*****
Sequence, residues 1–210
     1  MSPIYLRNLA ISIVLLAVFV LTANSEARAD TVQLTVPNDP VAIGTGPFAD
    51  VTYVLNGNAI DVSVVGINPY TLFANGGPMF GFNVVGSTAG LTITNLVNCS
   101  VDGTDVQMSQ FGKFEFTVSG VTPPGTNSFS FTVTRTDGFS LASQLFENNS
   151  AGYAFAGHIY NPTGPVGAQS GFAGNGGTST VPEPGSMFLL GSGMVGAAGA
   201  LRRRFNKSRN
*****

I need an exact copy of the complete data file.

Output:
Sequence, residues 1–210
     1  MSPIYLRNLA ISIVLLAVFV LTANSEARAD TVQLTVPNDP VAIGTGPFAD
    51  VTYVLNGNAI DVSVVGINPY TLFANGGPMF GFNVVGSTAG LTITNLVNCS
   101  VDGTDVQMSQ FGKFEFTVSG VTPPGTNSFS FTVTRTDGFS LASQLFENNS
   151  AGYAFAGHIY NPTGPVGAQS GFAGNGGTST VPEPGSMFLL GSGMVGAAGA
   201  LRRRFNKSRN